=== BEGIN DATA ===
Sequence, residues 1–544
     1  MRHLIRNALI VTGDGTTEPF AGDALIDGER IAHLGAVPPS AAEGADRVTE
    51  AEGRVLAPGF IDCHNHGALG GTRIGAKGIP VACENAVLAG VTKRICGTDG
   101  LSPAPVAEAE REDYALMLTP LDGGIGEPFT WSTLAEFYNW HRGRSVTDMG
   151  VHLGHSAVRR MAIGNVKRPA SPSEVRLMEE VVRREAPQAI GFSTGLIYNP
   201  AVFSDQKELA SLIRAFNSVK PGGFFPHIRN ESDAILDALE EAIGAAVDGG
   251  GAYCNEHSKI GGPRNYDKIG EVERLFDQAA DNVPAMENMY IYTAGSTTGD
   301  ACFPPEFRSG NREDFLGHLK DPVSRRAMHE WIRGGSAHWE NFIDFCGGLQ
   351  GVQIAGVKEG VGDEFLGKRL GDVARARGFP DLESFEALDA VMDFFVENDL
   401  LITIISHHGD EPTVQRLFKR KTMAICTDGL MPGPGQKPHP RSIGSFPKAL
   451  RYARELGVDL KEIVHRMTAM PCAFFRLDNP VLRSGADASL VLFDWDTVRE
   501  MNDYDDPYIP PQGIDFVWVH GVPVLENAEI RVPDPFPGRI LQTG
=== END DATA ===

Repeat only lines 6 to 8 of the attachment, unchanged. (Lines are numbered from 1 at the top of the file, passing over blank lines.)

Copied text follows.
   201  AVFSDQKELA SLIRAFNSVK PGGFFPHIRN ESDAILDALE EAIGAAVDGG
   251  GAYCNEHSKI GGPRNYDKIG EVERLFDQAA DNVPAMENMY IYTAGSTTGD
   301  ACFPPEFRSG NREDFLGHLK DPVSRRAMHE WIRGGSAHWE NFIDFCGGLQ